Building a Beautiful Braise

Braising is a classic technique that delivers fabulous-tasting, comforting food with minimal effort. Find out here what you need to know for perfect braises every time.

04/15/2019

What is Braising?

Braising is simply simmering meat and vegetables in a small amount of flavorful liquid in a covered pot. Through the braising process the liquid will take on the flavors of what’s being braised, developing even more delicious, rich flavor. The technique concentrates and enhances the liquid’s flavor and tenderizes tough cuts of meat (like brisket and pork shoulder) to melt-in-your-mouth perfection. Although braising takes time it’s almost all hands-off cooking—you get it started and then the stove or oven takes over. Whoever said, “Good things come to those who wait” must’ve had braising in mind.

How Do I Do It?

The technique can be divided into 3 steps: browning, deglazing and braising. Because braising is a fairly low-temperature cooking method (300°F. to 350°F. in the oven), browning won’t occur on its own during cooking so this first step creates rich color on the meat and helps render out some of the fat. After browning, remove the browned meat from the pot and pour off any fat that has been rendered.

After removing the browned meat, you’ll see brown bits of meat stuck to the bottom of the pan. This is called fond (it’s French for “foundation”) and it’s loaded with great flavor which will become the basis on which to build a delicious sauce. The 2nd step is deglazing to loosen that fond off the bottom. At this point, we usually briefly sauté aromatic vegetables—onion, celery, carrots, garlic—then add Swanson® stock, wine, beer or juice to loosen the fond further and incorporate it into the braising liquid.

The actual braising is the final—and easiest—step. After deglazing, the browned meat is added back to the pan in a single layer along with enough additional stock to submerge everything about halfway. Bring the braise to a simmer, cover the pan with a tight-fitting lid to create a steamy environment inside the pot, then let it simmer, either on top of the stove or in the oven. It’s generally preferred to braise in the oven because heat surrounds the entire cooking vessel. On the stove, heat comes just from the bottom and isn’t quite as even as it is in the oven.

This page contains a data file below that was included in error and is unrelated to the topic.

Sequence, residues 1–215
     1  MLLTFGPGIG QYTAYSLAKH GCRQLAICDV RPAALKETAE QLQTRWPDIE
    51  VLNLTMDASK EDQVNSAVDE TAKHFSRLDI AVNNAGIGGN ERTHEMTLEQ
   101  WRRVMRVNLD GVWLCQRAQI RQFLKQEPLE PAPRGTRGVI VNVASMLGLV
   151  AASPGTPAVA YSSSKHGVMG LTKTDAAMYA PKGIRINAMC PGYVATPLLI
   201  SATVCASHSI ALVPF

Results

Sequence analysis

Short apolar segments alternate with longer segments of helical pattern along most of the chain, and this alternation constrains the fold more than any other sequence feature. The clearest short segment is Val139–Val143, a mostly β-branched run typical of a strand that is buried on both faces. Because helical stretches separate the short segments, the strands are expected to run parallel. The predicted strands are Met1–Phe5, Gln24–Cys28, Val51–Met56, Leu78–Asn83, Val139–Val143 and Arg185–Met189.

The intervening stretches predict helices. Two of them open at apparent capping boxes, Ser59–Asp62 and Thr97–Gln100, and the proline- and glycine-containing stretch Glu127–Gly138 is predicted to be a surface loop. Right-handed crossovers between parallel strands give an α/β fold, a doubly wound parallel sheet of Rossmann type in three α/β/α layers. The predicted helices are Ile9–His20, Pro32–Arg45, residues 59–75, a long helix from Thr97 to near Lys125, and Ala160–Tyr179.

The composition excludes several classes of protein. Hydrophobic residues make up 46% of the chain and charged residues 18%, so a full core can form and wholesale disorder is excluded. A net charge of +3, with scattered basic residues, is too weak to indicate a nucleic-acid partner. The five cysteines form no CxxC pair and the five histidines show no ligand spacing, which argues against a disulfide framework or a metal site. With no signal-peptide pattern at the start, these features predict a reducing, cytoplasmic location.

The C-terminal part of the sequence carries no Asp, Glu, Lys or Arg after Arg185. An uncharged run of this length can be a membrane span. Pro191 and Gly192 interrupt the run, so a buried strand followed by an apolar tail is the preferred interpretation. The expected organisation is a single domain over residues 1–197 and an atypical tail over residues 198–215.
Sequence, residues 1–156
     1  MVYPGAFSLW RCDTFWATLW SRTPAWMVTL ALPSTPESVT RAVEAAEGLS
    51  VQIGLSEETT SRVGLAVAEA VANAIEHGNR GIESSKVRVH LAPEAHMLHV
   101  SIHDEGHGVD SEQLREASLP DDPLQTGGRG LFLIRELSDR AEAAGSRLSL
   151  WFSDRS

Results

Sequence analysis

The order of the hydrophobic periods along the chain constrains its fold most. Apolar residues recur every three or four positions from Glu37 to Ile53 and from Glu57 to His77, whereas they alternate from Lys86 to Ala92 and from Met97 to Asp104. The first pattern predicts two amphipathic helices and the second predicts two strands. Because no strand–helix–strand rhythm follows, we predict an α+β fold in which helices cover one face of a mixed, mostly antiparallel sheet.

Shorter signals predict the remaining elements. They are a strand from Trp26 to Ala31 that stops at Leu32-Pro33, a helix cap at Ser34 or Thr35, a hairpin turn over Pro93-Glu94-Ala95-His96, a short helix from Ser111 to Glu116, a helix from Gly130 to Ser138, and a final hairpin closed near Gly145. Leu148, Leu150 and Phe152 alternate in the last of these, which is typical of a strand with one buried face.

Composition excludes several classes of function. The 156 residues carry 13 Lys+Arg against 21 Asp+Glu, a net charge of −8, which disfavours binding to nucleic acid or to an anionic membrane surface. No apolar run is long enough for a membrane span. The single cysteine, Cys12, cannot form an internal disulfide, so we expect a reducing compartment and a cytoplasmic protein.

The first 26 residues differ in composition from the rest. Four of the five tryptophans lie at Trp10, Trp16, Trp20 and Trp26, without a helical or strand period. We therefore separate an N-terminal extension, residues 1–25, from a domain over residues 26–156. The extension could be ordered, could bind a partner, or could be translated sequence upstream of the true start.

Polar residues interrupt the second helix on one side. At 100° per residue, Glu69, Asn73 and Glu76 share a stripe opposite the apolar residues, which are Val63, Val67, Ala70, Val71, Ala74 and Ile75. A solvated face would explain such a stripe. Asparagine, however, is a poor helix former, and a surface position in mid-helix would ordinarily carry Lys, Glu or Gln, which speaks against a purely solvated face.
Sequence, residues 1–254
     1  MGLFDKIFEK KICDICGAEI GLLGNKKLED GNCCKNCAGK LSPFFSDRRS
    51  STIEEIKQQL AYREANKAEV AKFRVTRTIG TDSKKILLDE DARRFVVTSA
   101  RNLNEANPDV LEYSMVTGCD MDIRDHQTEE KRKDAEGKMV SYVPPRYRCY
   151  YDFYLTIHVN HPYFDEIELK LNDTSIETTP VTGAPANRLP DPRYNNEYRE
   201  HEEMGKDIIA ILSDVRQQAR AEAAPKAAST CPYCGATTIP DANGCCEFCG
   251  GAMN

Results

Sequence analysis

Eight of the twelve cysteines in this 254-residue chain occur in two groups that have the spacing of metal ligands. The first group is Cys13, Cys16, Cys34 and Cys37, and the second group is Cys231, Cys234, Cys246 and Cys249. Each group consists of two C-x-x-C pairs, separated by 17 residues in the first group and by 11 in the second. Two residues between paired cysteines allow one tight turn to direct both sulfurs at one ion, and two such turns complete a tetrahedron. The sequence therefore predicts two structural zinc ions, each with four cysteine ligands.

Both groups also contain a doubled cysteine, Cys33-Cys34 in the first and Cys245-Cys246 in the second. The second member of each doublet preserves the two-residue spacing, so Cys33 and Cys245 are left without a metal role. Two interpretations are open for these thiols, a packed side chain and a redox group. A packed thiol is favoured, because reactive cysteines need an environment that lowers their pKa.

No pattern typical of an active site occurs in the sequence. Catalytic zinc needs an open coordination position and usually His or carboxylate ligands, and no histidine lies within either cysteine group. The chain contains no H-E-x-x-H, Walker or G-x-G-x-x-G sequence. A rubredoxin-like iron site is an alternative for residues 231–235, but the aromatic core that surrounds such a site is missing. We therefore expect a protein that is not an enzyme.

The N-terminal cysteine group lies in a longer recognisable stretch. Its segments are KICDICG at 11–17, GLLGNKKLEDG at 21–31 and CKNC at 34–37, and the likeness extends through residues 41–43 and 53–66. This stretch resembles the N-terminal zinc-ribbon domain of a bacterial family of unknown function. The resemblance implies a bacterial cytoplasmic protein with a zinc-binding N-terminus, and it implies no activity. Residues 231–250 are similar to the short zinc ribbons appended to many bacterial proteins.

3 Tips for Successful Braising

Use the right pot

Large, heavy pots with tight-fitting lids are key to a successful braise. Enameled cast iron Dutch ovens are our first choice because the cast iron heats evenly and retains heat well. A well-fitting lid is crucial for keeping steam inside the pot—if necessary, wrap the lid in foil and press it onto the top of the pot to help keep steam inside.

Finish with additional vegetables

In the last 30 minutes of braising, we often add more vegetables—chunks of carrots, celery and potatoes. The vegetables added before deglazing are extremely soft and mushy by the end of the braise.

Reduce the braising liquid before serving

To concentrate flavors in the braising sauce, remove the meat from the pot, then boil the sauce on the stove to reduce it. Taste the sauce periodically during reducing until its flavor is as intense as you’d like. As a final finish, add chopped herbs for a punch of fresh flavor or a splash of sherry, balsamic or red wine vinegar to balance things out.

Although spring will be here before you know it, there’s still plenty of time to enjoy the rich flavor of soul-satisfying braises. Winter can stick around a little while longer.